Amicus curiae briefs are deeply woven into the fabric of modern federal appellate practice. Indeed, amici curiae submit briefs in approximately ninety percent of the cases that the United States Supreme Court entertains, and the Justices deny a minuscule number of amicus requests to participate. Amicus practice is less ubiquitous in the United States Courts of Appeals. Amici seek to file comparatively few briefs, nearly all of which the appellate courts permit, while many tribunals have not developed a comprehensive jurisprudence for resolving amicus motions. Nonetheless, the United States Court of Appeals for the Seventh Circuit has articulated rather stringent criteria, which it has strictly applied to limit amicus involvement, even as the Third Circuit has formulated less restrictive standards that the court has generously enforced to facilitate amicus participation. The significance of federal appellate court amicus practice will only grow as the twelve regional circuits increasingly become the courts of last resort for their geographic areas because the Supreme Court hears so few appeals. These propositions mean that federal appellate court disposition of amicus curiae motions warrants assessment, which this Article undertakes, concluding that the appeals courts should generally follow the Supreme Court and Third Circuit approaches as illuminated by certain aspects of the Seventh Circuit treatment.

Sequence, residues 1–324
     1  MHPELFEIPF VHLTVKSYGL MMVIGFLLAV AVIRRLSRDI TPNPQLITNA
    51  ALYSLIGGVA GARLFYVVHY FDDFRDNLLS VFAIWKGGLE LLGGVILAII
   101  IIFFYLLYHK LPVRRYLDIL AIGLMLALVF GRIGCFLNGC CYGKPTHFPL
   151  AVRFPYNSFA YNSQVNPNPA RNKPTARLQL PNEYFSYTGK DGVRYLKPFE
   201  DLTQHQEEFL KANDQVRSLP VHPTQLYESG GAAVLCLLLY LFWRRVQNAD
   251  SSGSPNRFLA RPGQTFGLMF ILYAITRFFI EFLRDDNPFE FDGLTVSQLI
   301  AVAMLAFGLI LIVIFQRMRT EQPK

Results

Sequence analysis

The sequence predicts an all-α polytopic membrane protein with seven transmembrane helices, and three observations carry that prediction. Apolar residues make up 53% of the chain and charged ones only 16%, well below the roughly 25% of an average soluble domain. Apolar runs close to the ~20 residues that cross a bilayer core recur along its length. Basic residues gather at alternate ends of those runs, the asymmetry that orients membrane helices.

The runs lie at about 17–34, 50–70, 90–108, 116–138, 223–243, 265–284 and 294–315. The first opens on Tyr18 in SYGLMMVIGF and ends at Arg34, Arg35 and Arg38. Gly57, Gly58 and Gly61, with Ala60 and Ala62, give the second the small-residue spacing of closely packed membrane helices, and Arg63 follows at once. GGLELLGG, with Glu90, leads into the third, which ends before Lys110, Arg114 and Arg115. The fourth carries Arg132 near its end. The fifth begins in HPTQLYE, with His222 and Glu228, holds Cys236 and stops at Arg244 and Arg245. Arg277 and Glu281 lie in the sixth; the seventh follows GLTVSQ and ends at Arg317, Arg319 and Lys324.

The Article's second Part scrutinizes the origins and development of amicus curiae practice in the Supreme Court and in the regional circuits. The next Part analyzes the contemporary debate over how the appellate courts should address amicus curiae requests to file briefs. More specifically, it compares the criteria that the Seventh and Third Circuits have enunciated and how the courts have applied the standards. The segment detects variation in the regional circuits' practices, even though most appeals courts have not articulated a thorough amicus jurisprudence in published opinions. The Article concludes by proffering suggestions for the future resolution of amicus curiae motions. The last Part recommends that appellate tribunals continue granting virtually all requests to submit briefs that amici make. The appeals courts should also capitalize on and carefully integrate superior dimensions of United States appellate jurisprudence related to amicus motions by essentially adopting the flexible Supreme Court and Third Circuit approaches, and by selectively applying the Seventh Circuit's criteria and its guidance, which amplifies the standards.

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